You're Viewing the Archives
Return to IVN's Frontpage

Unanswered Questions About Romney and Climate Change

by Daniel Farber, published

In early September, Governor Romney explained his current views about climate change in comments to scientific groups. He does believe in the reality of climate change. In terms of the science, he wrote, “I am not a scientist myself, but my best assessment of the data is that the world is getting warmer, that human activity contributes to that warming, and that policymakers should therefore consider the risk of negative consequences.”

What should be done about this “risk of negative consequences”? Romney told the scientists that he opposed unilateral U.S. restrictions on carbon emissions. Instead, he called for a “new regrets” policy, meaning a policy that would benefit the United States regardless of climate change. He strongly criticized proposed cap-and-trade legislation in Congress and the current EPA regulations on certain emissions sources. Instead, he advocated research on low-emissions technologies and streamlining the regulatory process for new energy technologies and nuclear power.

Romney’s view of climate change has evolved over time, sometimes quite abruptly. This evolution has concerned the policy response more than the science. Romney has usually stuck to the view that carbon emissions are probably one cause of a warming planet. He has not been completely consistent on that point, however. A year ago, when the Republican nomination remained in doubt, he said his view was that “we don’t know what’s causing climate change on this planet.” But otherwise, most of the differences in his views about the science have been matters of emphasis – such as adding qualifiers like “probably” or leaving them out. He has never joined those that say climate change a hoax created by scientists.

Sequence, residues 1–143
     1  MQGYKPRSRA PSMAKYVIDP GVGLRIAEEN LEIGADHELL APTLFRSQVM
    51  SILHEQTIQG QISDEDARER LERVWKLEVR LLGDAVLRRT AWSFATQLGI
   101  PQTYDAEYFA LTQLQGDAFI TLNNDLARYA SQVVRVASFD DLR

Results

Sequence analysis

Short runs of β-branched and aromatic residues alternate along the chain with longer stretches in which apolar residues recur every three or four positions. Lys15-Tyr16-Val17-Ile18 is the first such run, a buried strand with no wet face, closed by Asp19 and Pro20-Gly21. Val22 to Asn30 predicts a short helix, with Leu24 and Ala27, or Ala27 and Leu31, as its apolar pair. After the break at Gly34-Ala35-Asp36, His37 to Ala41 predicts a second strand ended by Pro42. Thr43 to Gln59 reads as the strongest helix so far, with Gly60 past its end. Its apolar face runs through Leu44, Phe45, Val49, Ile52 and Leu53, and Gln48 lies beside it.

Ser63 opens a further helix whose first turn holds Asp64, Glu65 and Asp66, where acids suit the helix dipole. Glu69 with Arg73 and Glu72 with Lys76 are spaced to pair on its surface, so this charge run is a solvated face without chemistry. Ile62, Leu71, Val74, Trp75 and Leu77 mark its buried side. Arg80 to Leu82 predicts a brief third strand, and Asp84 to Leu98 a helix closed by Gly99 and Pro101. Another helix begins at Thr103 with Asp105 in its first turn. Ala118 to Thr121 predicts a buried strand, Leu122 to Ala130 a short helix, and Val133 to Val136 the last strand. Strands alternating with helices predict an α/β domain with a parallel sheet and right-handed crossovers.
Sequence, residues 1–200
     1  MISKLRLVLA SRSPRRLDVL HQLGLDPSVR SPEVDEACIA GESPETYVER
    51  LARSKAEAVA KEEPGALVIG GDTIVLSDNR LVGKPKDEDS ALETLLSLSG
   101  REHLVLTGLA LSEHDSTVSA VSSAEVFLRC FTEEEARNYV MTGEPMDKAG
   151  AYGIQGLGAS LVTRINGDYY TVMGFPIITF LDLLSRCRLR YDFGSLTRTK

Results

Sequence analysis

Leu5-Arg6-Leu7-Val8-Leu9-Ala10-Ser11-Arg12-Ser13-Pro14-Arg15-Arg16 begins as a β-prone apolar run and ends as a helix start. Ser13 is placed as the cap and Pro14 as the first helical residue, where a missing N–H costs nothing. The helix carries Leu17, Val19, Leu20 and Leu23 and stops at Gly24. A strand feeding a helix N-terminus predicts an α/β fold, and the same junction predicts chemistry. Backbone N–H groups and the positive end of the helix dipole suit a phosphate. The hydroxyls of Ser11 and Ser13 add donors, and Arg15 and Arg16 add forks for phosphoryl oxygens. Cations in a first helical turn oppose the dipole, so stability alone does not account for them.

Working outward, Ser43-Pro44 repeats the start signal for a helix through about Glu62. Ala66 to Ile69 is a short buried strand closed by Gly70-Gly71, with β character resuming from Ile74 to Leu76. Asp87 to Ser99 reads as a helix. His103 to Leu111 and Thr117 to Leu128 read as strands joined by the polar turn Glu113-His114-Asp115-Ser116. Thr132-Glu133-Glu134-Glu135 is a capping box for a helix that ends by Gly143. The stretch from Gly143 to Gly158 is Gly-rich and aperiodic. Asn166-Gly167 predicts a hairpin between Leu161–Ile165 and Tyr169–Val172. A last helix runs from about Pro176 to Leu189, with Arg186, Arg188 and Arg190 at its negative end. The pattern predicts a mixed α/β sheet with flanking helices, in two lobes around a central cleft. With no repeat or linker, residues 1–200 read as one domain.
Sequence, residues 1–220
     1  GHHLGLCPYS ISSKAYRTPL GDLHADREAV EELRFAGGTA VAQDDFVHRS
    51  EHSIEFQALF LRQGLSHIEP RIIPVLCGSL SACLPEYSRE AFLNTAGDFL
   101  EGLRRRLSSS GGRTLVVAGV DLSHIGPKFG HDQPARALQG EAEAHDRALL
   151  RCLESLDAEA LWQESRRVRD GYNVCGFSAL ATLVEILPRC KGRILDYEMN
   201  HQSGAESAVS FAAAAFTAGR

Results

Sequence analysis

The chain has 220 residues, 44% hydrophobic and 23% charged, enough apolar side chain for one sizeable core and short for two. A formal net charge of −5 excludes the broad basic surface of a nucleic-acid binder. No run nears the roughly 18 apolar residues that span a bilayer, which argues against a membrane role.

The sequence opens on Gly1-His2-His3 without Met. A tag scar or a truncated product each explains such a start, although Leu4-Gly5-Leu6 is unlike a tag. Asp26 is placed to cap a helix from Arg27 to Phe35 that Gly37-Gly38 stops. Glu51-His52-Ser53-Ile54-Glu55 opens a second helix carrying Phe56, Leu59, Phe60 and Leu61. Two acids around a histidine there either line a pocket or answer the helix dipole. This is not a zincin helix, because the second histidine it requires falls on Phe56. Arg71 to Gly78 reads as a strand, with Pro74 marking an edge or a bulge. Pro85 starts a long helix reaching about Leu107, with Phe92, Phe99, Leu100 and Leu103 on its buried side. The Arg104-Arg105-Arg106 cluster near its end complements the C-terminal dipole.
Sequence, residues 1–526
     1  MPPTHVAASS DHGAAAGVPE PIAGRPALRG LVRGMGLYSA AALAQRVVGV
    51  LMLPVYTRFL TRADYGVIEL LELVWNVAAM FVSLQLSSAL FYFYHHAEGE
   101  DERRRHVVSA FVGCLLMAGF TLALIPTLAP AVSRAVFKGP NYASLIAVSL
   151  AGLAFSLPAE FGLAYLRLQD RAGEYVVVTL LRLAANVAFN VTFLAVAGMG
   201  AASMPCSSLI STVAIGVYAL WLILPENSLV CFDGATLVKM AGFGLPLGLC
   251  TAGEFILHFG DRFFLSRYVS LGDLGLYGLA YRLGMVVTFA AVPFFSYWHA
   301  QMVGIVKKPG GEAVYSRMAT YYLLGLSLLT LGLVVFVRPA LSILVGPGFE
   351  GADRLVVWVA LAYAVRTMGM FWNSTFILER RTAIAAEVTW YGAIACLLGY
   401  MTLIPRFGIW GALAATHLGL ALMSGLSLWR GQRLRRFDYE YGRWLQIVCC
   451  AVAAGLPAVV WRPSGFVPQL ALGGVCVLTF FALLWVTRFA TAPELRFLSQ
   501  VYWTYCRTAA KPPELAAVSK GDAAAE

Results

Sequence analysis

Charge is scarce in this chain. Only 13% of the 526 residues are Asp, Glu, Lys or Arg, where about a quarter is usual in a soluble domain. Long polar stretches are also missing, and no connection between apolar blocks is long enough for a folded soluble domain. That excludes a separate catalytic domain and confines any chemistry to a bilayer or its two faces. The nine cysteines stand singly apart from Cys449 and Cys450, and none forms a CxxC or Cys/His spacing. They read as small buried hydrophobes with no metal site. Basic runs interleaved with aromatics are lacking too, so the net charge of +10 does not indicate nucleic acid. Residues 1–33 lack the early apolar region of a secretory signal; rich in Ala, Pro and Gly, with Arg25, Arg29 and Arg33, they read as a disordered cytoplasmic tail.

He has changed ground much more on the policy response, as shown by a timeline of his positions. For most of his time as governor, Romney advocated strong action to deal with climate change. For instance, in May 2004 he said that “Massachusetts is committed to active participation in the effort to develop a multi-state cap and trade program covering greenhouse gases (GHG) emissions.” As late as November 2005, he hailed a proposed regional cap-and-trade program, saying it was as “good business” that would spur investment in renewable energy.

A month later, in December 2006, he changed course sharply. He abruptly pulled out of the regional multistate cap-and-trade scheme, although he and his staff had been heavily involved in negotiating the plan. The timing was interesting. He also announced that month that he would not run for reelection in Massachusetts, and he began setting the stage for a run for the Republican presidential nomination.

The regional cap-and-trade system (called RGGI) went ahead without him and remains in effect today. The nine states, including Massachusetts, have capped their carbon emissions and plan to reduce them by 10% by 2018. Economic impacts seem to have been minimal. About two-thirds of the proceeds from the program are used to improve energy efficiency or encourage renewable energy. However, Romney has never discussed whether RGGI was a success.

There are important open questions about how Romney would implement his current position, assuming it didn’t shift again. He has not made it clear what kinds of “no regrets” policies he supports. Most economists believe that mandating energy efficient products saves consumers more money than it costs. Would Romney endorse such requirements, including the limitations on light bulbs that have caused such a strong reaction from the Tea Party? Romney also calls for streamlining approval for renewable energy projects. Would this include some kind of fast track procedure for the transmission lines needed to get the power to market?

A bigger open question about Romney and Climate change is raised by his consistent opposition to unilateral restrictions on carbon emissions. How much should we read into the word “unilateral”? Romney does not say whether he would support a multilateral international agreement to limit emissions. He emphasizes that the Chinese are now the world’s largest carbon emitter, but the Chinese have recently signaled a willingness to negotiate emissions limitations. Is it possible that he would be willing to negotiate on the issue?

Romney’s approach to climate policy still contains some significant gaps. An even larger question is whether he would shift his ground again, as he did in 2005. At present, however, the best guess is that he will continue to endorse the reality of climate change, but take little action publicly about the problem

About the Author